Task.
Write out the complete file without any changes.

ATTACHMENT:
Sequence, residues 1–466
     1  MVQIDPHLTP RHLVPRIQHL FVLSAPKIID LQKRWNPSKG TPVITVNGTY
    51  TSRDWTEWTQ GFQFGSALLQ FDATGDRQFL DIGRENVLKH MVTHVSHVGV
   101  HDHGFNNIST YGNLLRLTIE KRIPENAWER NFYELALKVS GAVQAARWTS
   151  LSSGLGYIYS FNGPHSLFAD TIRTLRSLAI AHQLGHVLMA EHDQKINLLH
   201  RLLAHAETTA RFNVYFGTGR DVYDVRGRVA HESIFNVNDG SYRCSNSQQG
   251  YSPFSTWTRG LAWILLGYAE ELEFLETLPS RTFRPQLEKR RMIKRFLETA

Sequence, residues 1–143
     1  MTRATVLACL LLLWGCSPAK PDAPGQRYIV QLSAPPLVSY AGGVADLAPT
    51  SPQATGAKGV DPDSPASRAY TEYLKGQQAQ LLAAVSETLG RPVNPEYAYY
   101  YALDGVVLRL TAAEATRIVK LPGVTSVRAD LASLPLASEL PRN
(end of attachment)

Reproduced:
Sequence, residues 1–466
     1  MVQIDPHLTP RHLVPRIQHL FVLSAPKIID LQKRWNPSKG TPVITVNGTY
    51  TSRDWTEWTQ GFQFGSALLQ FDATGDRQFL DIGRENVLKH MVTHVSHVGV
   101  HDHGFNNIST YGNLLRLTIE KRIPENAWER NFYELALKVS GAVQAARWTS
   151  LSSGLGYIYS FNGPHSLFAD TIRTLRSLAI AHQLGHVLMA EHDQKINLLH
   201  RLLAHAETTA RFNVYFGTGR DVYDVRGRVA HESIFNVNDG SYRCSNSQQG
   251  YSPFSTWTRG LAWILLGYAE ELEFLETLPS RTFRPQLEKR RMIKRFLETA

Sequence, residues 1–143
     1  MTRATVLACL LLLWGCSPAK PDAPGQRYIV QLSAPPLVSY AGGVADLAPT
    51  SPQATGAKGV DPDSPASRAY TEYLKGQQAQ LLAAVSETLG RPVNPEYAYY
   101  YALDGVVLRL TAAEATRIVK LPGVTSVRAD LASLPLASEL PRN